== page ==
France and Italy continue to pressure the European Central Bank to urgently agree measures to reduce crippling borrowing costs for southern eurozone countries.
Mario Monti who met his French counterpart Francois Hollande in Rome on Tuesday complained – again – that his country’s economy is not so bad as to justify how much it’s having to pay to borrow.
Monti said Rome is doing what is needed on economic reform and deficit reduction, adding: “But when a country makes progress with its economic policy that must be recognised elsewhere in the European Union, so there is not a continuation of this big divergence in interest rates for government borrowing, which doesn’t reflect Italy’s real situation.”
Both Monti and Hollande are pushing for some stimulus to urgently restore economic growth and create jobs as part of the plan to to save the euro.
Hollande said: “We have the same concerns – growth and stability. We want the same thing, that is taking Europe forward on a path that I call integration solidarity.”
German Chancellor Angela Merkel, who was hosting European Union President Herman Van Rompuy for talks in Berlin, is keener on governments keeping their spending in check than stimulus.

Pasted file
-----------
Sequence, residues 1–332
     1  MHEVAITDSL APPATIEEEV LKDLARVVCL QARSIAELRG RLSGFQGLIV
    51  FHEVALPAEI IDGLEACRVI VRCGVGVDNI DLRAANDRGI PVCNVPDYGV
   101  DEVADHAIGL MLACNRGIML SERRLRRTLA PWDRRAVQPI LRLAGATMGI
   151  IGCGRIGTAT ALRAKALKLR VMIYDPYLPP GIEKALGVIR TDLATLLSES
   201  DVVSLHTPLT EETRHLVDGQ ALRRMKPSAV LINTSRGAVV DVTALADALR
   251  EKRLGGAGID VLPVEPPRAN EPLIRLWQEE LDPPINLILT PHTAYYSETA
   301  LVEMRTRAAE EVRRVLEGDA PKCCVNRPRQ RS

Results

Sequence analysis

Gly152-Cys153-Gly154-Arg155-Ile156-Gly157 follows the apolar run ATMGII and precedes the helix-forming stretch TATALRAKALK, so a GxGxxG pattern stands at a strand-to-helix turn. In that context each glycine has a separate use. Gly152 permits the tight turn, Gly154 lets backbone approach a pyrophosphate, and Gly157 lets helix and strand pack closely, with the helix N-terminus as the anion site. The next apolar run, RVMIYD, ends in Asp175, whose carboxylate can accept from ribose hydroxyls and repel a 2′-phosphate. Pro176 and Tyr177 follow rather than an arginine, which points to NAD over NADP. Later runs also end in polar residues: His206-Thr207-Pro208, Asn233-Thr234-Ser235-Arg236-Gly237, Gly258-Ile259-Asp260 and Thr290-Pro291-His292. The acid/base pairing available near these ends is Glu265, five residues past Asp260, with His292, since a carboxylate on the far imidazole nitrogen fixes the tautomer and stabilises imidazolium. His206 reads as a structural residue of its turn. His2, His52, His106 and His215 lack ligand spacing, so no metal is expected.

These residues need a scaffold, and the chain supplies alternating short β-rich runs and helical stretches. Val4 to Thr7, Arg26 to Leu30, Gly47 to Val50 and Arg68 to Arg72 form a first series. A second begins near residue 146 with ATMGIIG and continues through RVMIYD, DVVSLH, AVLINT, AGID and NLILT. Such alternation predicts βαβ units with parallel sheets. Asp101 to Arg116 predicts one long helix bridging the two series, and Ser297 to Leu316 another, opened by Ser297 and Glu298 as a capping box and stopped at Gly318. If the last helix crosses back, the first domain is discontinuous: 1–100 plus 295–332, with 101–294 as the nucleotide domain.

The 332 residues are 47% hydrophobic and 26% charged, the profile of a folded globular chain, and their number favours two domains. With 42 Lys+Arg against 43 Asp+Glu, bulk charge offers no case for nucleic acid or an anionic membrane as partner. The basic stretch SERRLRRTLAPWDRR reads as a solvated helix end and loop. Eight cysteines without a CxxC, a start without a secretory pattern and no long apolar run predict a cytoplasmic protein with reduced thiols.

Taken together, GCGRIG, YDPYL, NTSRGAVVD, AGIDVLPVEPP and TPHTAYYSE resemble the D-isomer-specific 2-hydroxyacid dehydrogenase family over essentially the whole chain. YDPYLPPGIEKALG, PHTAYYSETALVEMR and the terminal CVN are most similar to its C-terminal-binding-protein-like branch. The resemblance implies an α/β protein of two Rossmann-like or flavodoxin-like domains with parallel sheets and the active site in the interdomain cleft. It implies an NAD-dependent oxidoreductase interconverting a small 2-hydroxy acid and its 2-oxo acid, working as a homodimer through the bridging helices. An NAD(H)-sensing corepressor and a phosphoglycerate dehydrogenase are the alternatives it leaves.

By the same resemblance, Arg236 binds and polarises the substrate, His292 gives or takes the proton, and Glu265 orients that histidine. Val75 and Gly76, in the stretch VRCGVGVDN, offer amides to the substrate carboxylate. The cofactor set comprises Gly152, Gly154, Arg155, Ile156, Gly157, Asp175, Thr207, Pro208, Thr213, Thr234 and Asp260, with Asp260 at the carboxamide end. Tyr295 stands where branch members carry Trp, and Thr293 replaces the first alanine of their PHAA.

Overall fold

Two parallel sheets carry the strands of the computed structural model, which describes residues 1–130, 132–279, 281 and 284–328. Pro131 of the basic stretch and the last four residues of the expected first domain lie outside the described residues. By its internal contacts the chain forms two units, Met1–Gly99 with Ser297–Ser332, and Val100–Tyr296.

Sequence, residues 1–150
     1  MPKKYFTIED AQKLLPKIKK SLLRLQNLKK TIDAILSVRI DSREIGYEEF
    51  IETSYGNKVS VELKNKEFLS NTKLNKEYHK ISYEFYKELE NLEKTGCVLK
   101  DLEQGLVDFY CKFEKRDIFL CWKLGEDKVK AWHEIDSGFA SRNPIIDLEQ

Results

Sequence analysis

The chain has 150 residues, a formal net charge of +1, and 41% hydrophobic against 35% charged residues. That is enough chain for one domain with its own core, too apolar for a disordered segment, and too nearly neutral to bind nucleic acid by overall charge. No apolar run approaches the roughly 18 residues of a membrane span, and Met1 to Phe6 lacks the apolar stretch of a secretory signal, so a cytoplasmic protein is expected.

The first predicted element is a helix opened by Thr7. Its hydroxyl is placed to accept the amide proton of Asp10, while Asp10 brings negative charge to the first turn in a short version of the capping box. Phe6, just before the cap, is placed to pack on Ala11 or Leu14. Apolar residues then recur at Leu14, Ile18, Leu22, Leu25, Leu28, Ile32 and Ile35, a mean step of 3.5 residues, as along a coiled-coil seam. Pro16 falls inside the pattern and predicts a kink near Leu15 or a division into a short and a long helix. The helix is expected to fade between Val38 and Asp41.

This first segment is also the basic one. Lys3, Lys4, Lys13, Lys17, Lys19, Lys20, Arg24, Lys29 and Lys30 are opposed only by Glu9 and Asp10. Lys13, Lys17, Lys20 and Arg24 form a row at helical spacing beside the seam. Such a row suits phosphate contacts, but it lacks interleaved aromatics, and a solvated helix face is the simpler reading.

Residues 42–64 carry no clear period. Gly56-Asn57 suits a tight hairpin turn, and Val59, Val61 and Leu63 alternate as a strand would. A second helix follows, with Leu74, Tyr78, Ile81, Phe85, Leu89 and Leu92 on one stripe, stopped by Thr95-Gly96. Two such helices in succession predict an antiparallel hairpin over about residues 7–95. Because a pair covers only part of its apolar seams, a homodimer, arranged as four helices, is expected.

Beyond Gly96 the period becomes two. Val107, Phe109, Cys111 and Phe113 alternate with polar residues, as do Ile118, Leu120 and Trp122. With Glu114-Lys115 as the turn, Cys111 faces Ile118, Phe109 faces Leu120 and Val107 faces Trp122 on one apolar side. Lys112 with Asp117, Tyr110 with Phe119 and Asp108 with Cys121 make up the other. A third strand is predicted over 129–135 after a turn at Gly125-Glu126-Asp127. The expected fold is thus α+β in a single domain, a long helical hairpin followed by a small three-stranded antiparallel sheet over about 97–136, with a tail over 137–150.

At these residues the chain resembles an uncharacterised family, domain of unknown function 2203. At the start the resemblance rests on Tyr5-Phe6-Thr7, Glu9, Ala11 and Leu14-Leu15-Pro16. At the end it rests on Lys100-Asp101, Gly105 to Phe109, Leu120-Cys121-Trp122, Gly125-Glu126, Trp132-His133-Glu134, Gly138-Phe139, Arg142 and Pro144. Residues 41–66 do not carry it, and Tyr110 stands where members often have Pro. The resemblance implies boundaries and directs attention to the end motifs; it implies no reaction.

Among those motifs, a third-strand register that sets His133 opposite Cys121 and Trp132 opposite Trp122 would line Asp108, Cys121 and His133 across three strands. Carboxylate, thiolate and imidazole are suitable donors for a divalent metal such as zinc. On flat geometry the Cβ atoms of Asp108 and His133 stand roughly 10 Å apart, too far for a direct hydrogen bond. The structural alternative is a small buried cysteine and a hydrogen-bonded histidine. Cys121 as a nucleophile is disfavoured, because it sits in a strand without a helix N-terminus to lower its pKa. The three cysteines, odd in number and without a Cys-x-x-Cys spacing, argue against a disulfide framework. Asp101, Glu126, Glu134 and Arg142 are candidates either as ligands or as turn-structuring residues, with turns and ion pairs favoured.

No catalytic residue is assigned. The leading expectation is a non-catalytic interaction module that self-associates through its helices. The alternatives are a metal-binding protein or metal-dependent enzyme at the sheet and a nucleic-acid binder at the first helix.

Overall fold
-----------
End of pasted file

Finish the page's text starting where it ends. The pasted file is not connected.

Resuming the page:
Not surprising given that Germany is the EU paymaster for bailing out its struggling eurozone brethren.
Berlin is also resisting the European Central Bank’s plans to buy short-term government bonds of countries like Spain and Italy to take the borrowing cost pressure off them.
Adding to the pressure on the European Central Bank to do more to fight the eurozone debt crisis, the credit rating agency Moody’s has changed its outlook on the triple A rating of the European Union to “negative” and warned it could downgrade the region.
That made already jittery financial markets even more nervous on Tuesday.
Investor are uncertain over whether Thursday’s key ECB policy meeting will deliver the goods on the hoped for bond-buying scheme designed to ease the euro debt crisis.
The sell off was also fueled by weak manufacturing data from the United States.
Banks, energy companies and miners were among the biggest fallers.
The euro slipped against the dollar and oil prices fell on renewed fears about weaker demand.